I’ve just stumbled across this amazing footage from the BBC of a Queen (Princess) bees maiden flight and her mating with drones.
Strangely enough I’ve just realised the significance of the term “maiden flight”.
No explanation necessary – it is amazing to watch.
We live in a very lucky land and a very lucky city. In spite of grim grey skies over Brisbane, my garden insists on thriving.
While not a whole lot of variety for the bees, my girls are still getting good pollen and nectar from lavender, Rosemary, cosmos, chilli, rocket and apricots (I know weird right).
Brisbane – perfect place for a bee to be!
Last weekend was a significant milestone for Virgin Honey – the first harvest from the Flow Hive frames in Madonna’s hive.
Shamus changing out Honey jars…in the pouring rain!
You see, when I first got my flow hive, I read my instructions for assembly and harvesting honey with great eagerness. However that was many moons ago (July I think) and I didn’t think to re-read the harvesting instructions again!
Fortunately for me, the bees and all involved, Nadine is an information sponge and we were soon able to rectify some of the more glaring issues. As you can see in the video below, we did lose a fair bit of honey in the process but certainly know now what not to do for next time.
The Flow Hive frames make harvesting honey fun and, when done correctly, very easy and stress free for the bees. People considering investing in Flow Hives still need to know all about bee management but the harvesting process is something you can get any novice involved in.
I think that the more people who know and care about the welfare of all bees, the better we our planet will be.
One of the wonderful benefits from being able to harvest this way, is the ability to get absolutely unadulterated honey which is what Virgin Honey is all about. It will take my bees visiting over 2 million flowers to gather just 450g of honey – a curious fact that never ceases to astound me! Honey will always contain a mix of nectars (unless your hive is in a mono-culture) but the Flow Hive allows you taste greater nuances since bees are fairly methodical in their storage of honey, you are likely to get a concentration of a particular flower’s nectar on a single frame.
Shamus with two jars from 2 different Flow Hive Frames. Notice the colour variation.
Flow Hive honey will be a little bit of a rarity as I presently have only 3 frames (versus 28 standard) but I look forward to sharing a few jars of it with you soon.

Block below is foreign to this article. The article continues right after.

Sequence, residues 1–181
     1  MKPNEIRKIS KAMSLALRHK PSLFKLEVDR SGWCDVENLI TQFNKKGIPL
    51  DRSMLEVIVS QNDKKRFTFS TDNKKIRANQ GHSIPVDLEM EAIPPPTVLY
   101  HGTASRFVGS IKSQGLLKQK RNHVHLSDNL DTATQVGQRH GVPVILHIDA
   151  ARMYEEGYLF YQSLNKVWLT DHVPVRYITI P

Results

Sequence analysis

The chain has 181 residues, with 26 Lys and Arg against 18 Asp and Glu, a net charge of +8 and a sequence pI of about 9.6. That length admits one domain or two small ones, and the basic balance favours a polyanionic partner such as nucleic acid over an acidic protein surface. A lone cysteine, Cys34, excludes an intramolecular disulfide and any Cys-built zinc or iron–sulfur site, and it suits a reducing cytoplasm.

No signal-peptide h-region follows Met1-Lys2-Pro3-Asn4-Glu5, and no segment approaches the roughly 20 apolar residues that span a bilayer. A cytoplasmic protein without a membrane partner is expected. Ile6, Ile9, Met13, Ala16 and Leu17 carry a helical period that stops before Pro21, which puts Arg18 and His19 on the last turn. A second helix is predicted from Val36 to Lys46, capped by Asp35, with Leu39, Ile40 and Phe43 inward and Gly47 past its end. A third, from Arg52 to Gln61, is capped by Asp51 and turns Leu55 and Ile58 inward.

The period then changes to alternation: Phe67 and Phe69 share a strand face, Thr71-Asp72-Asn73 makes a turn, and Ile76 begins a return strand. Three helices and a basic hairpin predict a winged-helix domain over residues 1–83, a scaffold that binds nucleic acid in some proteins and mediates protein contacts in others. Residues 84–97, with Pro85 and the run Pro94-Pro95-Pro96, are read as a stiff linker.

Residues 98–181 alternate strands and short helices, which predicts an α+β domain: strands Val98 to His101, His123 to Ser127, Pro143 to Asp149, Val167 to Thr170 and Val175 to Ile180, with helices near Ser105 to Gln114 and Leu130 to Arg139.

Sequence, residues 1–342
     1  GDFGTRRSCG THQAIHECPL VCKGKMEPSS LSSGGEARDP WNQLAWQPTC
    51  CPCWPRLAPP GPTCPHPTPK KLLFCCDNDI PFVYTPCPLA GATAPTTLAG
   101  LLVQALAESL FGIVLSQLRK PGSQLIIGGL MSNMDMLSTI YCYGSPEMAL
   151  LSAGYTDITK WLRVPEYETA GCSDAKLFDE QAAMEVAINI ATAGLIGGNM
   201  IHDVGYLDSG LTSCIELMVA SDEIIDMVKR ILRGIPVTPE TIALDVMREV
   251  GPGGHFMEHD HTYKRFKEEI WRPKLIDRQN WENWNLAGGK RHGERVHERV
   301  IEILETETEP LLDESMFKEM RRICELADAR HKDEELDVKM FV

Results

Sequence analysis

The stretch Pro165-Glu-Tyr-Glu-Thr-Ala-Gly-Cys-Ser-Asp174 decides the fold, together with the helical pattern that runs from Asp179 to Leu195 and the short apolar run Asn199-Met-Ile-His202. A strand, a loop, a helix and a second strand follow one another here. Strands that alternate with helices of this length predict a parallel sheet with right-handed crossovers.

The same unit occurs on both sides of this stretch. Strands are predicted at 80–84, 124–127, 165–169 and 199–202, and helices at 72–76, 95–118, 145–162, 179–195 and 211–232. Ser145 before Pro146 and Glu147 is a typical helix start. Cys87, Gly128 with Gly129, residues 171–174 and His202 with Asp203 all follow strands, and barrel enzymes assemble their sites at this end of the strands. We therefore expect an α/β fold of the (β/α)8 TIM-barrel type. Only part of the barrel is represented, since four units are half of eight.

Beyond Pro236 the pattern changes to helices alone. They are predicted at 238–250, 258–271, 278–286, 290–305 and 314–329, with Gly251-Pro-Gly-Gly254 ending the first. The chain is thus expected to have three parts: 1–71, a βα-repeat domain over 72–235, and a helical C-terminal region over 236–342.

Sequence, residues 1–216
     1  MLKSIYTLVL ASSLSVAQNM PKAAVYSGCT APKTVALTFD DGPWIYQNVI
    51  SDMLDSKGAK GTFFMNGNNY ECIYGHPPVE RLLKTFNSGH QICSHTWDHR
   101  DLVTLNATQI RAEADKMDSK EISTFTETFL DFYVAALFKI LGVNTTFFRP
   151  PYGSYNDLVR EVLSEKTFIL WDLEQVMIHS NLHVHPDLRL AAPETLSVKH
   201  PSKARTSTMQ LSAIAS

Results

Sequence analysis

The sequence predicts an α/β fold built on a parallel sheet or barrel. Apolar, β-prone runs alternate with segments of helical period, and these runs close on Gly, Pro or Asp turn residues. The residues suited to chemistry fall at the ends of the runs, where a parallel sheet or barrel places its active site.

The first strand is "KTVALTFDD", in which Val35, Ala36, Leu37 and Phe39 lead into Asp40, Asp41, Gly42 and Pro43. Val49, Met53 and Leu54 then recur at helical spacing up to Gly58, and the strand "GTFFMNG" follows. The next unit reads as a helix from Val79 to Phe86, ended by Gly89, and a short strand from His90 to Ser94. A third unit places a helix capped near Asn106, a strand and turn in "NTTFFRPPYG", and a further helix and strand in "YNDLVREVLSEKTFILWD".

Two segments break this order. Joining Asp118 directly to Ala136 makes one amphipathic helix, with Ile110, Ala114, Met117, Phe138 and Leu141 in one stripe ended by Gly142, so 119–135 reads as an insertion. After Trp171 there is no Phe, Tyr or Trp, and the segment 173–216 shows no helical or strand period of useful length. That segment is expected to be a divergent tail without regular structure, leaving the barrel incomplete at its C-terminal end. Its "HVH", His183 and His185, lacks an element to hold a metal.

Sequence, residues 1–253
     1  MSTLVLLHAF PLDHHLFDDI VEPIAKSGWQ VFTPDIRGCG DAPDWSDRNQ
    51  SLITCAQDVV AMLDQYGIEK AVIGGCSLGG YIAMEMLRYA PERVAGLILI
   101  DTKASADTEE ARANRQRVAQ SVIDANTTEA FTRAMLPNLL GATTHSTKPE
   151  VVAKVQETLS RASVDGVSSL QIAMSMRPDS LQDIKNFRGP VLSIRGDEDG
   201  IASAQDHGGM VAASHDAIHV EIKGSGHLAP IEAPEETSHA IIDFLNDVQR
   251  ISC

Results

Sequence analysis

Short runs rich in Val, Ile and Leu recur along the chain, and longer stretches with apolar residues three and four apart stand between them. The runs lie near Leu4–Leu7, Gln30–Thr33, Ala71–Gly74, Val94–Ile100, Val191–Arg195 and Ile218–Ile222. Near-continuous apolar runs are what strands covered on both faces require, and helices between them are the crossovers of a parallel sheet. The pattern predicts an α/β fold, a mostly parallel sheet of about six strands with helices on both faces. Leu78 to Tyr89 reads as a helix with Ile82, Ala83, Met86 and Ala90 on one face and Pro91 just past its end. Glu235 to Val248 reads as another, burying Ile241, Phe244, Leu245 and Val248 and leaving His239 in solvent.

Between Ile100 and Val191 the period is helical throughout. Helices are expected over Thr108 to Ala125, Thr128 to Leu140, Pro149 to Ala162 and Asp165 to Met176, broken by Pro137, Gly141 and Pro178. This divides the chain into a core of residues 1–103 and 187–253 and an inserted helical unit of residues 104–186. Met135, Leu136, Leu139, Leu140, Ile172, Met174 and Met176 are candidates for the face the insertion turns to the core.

Big thanks to Nadine from Feast Photography for the video and photos on the day.
So I estimated my first harvest (or as I’ve now heard it called – “robbing”) would happen in early November. The beauty of living in sunny sub-tropical Brisbane, is that I had to revise that estimate and organise for the virgin honey virgin harvest to happen last weekend due to a bee explosion and a good honey flow in my area.
So it was with much excitement, a few litres of Margarita to lubricate the workers, and much hilarity that good friends Nadine (@madamehoneybee), Natalie and her daughter Eva and I extracted the first honey from my hives.
While I thought we would be taking 4 frames from H1/A (Hive 1/Honey Box A), I only had 3 truly full frames, so it was agreed to leave the girls with the 4th frame.
The fun of extraction was completed rather hazily on Saturday night, but it wasn’t until late yesterday that I had time to bottle my wares. From the 3 frames, we extracted 7kgs of honey – approximately 2.3kg per frame. In no way a record weight but for my first ever extraction I was delighted! While it was not white clover which would have been too much to ask for, the honey is a beautiful light colour and quite floral.
If anyone has been eagerly waiting for a taste, I’m afraid that the virgin harvest has been accounted for. It saddened me to have to put aside a small sample for quality control (as pictured below). The good news is that the 3 Flow frames will be ready for harvest in about 2 weeks and I am really looking forward to that. I suspect that that will be a more populated extracting party than Saturday night as there are many who are interested to see if and how it all works!
PS: Yes there were photos taken whilst we extracted but will not be posted to this “family friendly” site. We discovered a new drinking sensation of one sip of Margarita (from a salt rimmed glass) to one finger-full of honey. It is the bees knees! xx
I had been warned by many seasoned bee keepers that you moving your bees a short distance is a big no no and if absolutely necessary should be done less-than-a-meter at a time over an extended period of time. There is solid science and a lot of data to back up the cleverness of bee GPS and the importance of not mucking with the location of home, but sometimes you just don’t have a choice!
I have been working hard to have my bee stand area paved and ready since I ordered my bees from The Bee Lady many months ago. Alas I was about a week short of the time I needed to finish the job before I went into surgery last week (yes I’m fine – thanks for asking). Of course doctors orders were that I can now do no heavy lifting for 8 weeks which made me want to weep since my back yard has been a construction zone for long enough!